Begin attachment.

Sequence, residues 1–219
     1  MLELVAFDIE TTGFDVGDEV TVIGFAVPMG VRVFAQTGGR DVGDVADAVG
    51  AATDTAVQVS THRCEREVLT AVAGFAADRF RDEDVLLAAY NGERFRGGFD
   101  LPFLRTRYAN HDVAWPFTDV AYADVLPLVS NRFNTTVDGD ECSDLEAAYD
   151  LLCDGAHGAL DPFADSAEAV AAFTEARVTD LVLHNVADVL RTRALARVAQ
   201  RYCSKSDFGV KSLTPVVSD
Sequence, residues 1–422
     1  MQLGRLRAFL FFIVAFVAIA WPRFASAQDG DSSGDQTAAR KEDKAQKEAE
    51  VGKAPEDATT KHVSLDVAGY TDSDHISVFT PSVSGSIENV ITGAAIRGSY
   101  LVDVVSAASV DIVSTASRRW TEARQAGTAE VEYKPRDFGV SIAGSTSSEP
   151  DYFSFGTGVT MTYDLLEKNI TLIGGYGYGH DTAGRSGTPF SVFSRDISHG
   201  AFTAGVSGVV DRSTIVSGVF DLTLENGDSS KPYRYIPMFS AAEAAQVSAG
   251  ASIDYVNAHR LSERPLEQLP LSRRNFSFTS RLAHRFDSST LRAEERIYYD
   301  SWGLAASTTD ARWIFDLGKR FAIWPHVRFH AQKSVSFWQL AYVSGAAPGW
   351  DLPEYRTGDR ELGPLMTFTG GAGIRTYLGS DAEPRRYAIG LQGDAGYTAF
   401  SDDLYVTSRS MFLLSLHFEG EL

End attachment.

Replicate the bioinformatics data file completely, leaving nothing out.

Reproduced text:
Sequence, residues 1–219
     1  MLELVAFDIE TTGFDVGDEV TVIGFAVPMG VRVFAQTGGR DVGDVADAVG
    51  AATDTAVQVS THRCEREVLT AVAGFAADRF RDEDVLLAAY NGERFRGGFD
   101  LPFLRTRYAN HDVAWPFTDV AYADVLPLVS NRFNTTVDGD ECSDLEAAYD
   151  LLCDGAHGAL DPFADSAEAV AAFTEARVTD LVLHNVADVL RTRALARVAQ
   201  RYCSKSDFGV KSLTPVVSD
Sequence, residues 1–422
     1  MQLGRLRAFL FFIVAFVAIA WPRFASAQDG DSSGDQTAAR KEDKAQKEAE
    51  VGKAPEDATT KHVSLDVAGY TDSDHISVFT PSVSGSIENV ITGAAIRGSY
   101  LVDVVSAASV DIVSTASRRW TEARQAGTAE VEYKPRDFGV SIAGSTSSEP
   151  DYFSFGTGVT MTYDLLEKNI TLIGGYGYGH DTAGRSGTPF SVFSRDISHG
   201  AFTAGVSGVV DRSTIVSGVF DLTLENGDSS KPYRYIPMFS AAEAAQVSAG
   251  ASIDYVNAHR LSERPLEQLP LSRRNFSFTS RLAHRFDSST LRAEERIYYD
   301  SWGLAASTTD ARWIFDLGKR FAIWPHVRFH AQKSVSFWQL AYVSGAAPGW
   351  DLPEYRTGDR ELGPLMTFTG GAGIRTYLGS DAEPRRYAIG LQGDAGYTAF
   401  SDDLYVTSRS MFLLSLHFEG EL